A cost-plus pricing strategy looks to base a business’s pricing strategy on how much it costs to complete or produce a service or product. This can be extremely beneficial as it ensures that you are making more than it costs to complete a service or produce a product, ensuring that you make money. This type of product pricing strategy is also known as a markup strategy because a business will mark up the price based on how much they are hoping to make. Usually, businesses will apply a certain percentage onto the cost-price of products or services, for example, if a product costs around $10 to make, a business may use a markup of 50%, selling the product for $15. 

Penetration Pricing

A penetrating pricing strategy involves entering the market at a very low price to gain the attention of customers and draw them to your business and away from competitors. While this can be a great method when looking at short-term revenue, it is not something that can be sustained for a long period of time. Penetration pricing is commonly used by new businesses or brands that are entering new markets. This is a great way to market your brand to a new audience as it makes a statement and draws in the attention of buyers.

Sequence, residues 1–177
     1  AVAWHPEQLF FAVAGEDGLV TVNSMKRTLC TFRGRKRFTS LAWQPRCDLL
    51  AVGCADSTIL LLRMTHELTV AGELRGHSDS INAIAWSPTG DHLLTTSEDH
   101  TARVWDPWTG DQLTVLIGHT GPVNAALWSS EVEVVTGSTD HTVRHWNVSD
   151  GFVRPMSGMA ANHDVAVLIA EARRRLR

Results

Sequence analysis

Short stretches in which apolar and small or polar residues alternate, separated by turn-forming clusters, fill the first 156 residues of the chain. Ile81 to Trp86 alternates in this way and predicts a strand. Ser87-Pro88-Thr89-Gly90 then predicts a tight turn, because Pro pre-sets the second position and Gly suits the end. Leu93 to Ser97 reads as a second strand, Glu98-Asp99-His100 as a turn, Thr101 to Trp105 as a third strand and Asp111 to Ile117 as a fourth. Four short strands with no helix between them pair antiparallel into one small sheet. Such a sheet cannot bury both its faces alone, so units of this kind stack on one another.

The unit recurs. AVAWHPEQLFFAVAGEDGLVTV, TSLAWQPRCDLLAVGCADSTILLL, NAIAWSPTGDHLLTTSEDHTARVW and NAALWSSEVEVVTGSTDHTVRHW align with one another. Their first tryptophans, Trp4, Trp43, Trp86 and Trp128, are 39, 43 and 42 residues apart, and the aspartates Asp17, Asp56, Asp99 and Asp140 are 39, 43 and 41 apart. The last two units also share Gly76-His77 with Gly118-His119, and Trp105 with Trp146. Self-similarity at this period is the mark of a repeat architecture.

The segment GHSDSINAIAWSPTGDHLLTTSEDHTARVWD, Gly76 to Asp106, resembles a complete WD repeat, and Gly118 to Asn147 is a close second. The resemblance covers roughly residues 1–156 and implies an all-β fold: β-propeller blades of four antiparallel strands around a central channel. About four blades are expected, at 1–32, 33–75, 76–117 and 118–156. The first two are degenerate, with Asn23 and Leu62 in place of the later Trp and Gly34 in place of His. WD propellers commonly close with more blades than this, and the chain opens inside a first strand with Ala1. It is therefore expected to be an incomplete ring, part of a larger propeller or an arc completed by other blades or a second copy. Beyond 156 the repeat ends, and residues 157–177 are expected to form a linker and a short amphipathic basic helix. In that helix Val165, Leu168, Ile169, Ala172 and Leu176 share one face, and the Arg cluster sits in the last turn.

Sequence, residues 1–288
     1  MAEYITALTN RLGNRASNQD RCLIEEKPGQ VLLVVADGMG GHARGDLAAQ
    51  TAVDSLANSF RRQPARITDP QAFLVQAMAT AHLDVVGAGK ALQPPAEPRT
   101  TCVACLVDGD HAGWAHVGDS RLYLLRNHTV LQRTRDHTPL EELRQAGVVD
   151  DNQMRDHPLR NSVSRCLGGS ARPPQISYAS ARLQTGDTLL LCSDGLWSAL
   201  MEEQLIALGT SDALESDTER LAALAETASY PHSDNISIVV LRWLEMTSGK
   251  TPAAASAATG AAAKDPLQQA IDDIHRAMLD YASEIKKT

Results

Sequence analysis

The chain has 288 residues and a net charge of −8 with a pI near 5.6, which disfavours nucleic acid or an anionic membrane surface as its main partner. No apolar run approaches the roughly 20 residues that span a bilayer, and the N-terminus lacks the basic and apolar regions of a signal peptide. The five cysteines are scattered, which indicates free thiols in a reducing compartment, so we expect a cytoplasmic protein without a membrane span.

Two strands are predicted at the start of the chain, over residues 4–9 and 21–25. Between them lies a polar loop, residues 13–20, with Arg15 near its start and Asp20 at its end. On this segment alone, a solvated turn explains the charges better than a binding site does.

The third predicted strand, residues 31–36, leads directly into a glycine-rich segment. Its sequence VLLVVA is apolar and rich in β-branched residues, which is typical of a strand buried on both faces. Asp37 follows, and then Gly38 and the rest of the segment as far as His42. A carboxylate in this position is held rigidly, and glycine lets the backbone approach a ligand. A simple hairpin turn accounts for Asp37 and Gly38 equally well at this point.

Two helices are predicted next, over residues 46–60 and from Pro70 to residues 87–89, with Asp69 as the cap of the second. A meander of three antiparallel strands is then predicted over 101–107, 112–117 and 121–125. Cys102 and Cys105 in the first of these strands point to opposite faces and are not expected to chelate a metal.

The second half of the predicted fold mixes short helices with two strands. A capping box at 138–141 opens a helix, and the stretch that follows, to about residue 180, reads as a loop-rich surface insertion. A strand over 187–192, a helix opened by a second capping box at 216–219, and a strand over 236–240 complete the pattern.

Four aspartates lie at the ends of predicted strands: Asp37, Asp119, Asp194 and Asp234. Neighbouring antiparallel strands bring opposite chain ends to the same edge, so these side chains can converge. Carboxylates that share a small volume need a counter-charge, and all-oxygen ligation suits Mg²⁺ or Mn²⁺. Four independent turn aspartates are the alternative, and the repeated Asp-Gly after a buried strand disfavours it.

Economy Pricing

When a product does not cost a lot of money to produce, it means that retailers are able to sell it for a lower price. Economy pricing involves selling a product for only a bit more than it costs to produce and relying on the product to sell itself with limited marketing costs involved. One of the main things that a business needs to be sure of is that these kinds of products are going to sell in high volumes as this will ensure that a good profit is made. 

Dynamic Pricing

Another type of pricing strategy is dynamic pricing and it is based on using the demands of the market to price certain products or services. If a product or service is in high demand, a business will surge the prices as a way to benefit from the customer demand. A great example of this kind of product pricing strategy is when hotels will increase their prices during the peak holiday season when many travellers are looking for accommodation. Due to the high demand, people will be willing to pay more and therefore a hotel may fluctuate their prices to take advantage of this increase. Dynamic pricing strategies do take their competition into account, but as demand increases, other businesses are also likely to be increasing their prices.